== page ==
An Eco-sustainable World
HerbaceousSpecies Plant

Drosera ramentacea

Drosera ramentacea

Sundews (Drosera ramentacea Burch. Ex DC.) is a herbaceous species belonging to the Droseraceae family.

Systematics –
From a systematic point of view it belongs to:
Eukaryota Domain,
Kingdom Plantae,
Magnoliophyta Division,
Magnoliopsida class,
Order Caryophyllales,
Droseraceae family,
Genus Drosera,
D. ramentacea species.
The terms are synonymous:
– Congolan Drosera Taton;
– Drosera madagascariensis DC .;
– Drosera ramentacea Burch .;
– Drosera ramentacea subsp. burchelliana Harvey & Sonder;
– Drosera ramentacea var. condensed Baron.

Etymology –
The term Drosera comes from the Greek δροσερός droserós dewy, which has droplets.
The specific ramentaceous epithet is of uncertain origin.

Geographic Distribution and Habitat –
The Drosera ramentacea, like other plants of the same genus, originated in Africa, and in particular in Madagascar, from where they then spread to other continents such as Australia, by speciation, up to the current range.
Today it is grown all over the world.
Its habitat is that of humid, swampy and peat bogs but it also adapts well to other conditions.

Description –
Drosera ramentacea is a small perennial insectivorous herbaceous plant.
The leaves are alternated along a stem, grouped and erect towards the apex, deflected further down, spatulate, covered with sticky pedunculated glands to trap insects, scarcely hairy below. The petiole is 1-3 cm long, hairy or hairless above, usually hairy below.
The stem is flowered and rises laterally, curving to become erect.
The inflorescence bears 2-14 flowers that are pink or purple and often do not open.
Flowering occurs in spring and summer and generally lasts about 3 days. The flowers will later wither, starting the seed development phase.
The fruit is a capsule.

Cultivation –
Drosera ramentacea is a fairly easy species to grow even if particular attention must be paid in winter in places with excess humidity and poor light. The plant generally prefers warm and bright days, cool nights.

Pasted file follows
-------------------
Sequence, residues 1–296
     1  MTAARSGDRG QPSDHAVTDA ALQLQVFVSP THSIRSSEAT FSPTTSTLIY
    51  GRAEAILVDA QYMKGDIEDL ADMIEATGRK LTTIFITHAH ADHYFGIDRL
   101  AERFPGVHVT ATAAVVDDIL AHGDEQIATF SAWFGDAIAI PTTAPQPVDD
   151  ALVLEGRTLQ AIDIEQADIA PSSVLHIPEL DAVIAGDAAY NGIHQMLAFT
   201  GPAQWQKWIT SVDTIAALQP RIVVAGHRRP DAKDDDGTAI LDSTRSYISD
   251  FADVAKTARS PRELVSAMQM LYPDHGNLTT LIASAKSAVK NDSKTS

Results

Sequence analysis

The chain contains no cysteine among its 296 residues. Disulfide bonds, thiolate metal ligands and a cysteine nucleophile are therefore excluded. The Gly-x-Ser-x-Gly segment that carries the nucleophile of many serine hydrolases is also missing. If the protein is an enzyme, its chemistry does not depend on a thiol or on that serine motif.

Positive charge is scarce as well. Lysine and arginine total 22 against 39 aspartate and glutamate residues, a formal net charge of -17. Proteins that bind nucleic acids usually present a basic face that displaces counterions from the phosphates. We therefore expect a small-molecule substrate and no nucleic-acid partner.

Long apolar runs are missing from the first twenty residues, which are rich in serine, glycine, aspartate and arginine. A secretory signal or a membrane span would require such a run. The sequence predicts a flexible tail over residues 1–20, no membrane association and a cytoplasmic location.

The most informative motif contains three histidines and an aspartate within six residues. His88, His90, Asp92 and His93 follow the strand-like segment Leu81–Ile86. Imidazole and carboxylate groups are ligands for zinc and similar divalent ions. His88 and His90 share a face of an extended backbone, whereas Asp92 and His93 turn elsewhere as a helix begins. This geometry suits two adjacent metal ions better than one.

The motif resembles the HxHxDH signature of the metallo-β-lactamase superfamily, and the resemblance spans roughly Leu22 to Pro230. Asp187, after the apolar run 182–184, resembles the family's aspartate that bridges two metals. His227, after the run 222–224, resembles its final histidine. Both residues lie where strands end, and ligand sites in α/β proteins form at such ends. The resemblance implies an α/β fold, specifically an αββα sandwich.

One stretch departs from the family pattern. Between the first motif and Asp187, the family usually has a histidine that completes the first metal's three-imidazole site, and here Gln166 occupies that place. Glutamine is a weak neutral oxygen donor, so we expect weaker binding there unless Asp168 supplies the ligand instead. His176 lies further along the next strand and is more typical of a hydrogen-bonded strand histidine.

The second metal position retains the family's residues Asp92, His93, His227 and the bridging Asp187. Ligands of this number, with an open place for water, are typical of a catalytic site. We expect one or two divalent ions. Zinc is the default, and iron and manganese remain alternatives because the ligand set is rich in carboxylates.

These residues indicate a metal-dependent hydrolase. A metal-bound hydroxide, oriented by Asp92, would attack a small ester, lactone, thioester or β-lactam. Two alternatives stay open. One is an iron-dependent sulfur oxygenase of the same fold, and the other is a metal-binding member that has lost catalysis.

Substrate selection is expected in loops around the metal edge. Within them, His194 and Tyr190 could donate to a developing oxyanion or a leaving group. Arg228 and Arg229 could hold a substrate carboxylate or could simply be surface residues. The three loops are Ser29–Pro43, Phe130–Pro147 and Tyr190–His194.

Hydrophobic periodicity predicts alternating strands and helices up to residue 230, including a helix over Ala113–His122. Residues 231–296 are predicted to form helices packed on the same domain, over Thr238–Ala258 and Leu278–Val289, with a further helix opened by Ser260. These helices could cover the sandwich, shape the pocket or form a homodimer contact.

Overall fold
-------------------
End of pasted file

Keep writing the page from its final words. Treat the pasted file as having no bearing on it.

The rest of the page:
Furthermore, its longevity is remarkable: in fact the plant can reach 50 years of age.

Customs and Traditions –
The historical use of sundew is similar to its use in modern herbal medicine. In 1685, Johann Schroder wrote in his book The Apothecary or a Treasure Chest of Valuable Medicines, that sundew was a beneficial herb that “cures lung ailments and coughs”. Sundew tea has been specifically recommended in Europe by herbalists for dry cough, bronchitis, whooping cough, asthma and “bronchial cramps”.
From Drosera ramentacea an extract can be obtained which is used to promote the fluidity of bronchial secretions. It has an emollient and soothing action on the oropharyngeal mucosa and improves the tone of the voice.
In general, this plant performs spasmolytic activity on the smooth mucosa of the bronchi and antibacterial, indicated in case of asthma, allergic asthma, bronchitis, allergic bronchitis, whooping cough, whooping and irritating cough and in smokers’ cough. Folk medicine recommends its use against warts.
The components contained are: naphthoquinone substances (plumbagina and droserone), flavonoids, droseroside, vitamin C and mineral salts.
These active ingredients are extremely effective in anti-cellulite cosmetic treatments. The adhesive polysaccharides (which the plant normally uses as a trap for insects) counteract the accumulation of fats and promote their dissolution, with a slimming and remodeling effect visible after regular applications on the affected parts.

Preparation Method –
Herbal preparations are mainly made with roots, flowers and capsules.
It is used in the form of mother tincture, fluid extract and syrup.

Guido Bissanti

– Acta Plantarum – Flora of the Italian Regions.
– Wikipedia, the free encyclopedia.
– Useful Tropical Plants Database.
– Conti F., Abbate G., Alessandrini A., Blasi C. (edited by), 2005. An annotated checklist of the Italian vascular flora, Palombi Editore.
– Pignatti S., 1982. Flora of Italy, Edagricole, Bologna.
– Treben M., 2000. Health from the Lord’s Pharmacy, Advice and experiences with medicinal herbs, Ennsthaler Editore.

Warning: Pharmaceutical applications and alimurgical uses are indicated for informational purposes only, they do not represent in any way a medical prescription; therefore no responsibility is taken for their use for curative, aesthetic or food purposes.

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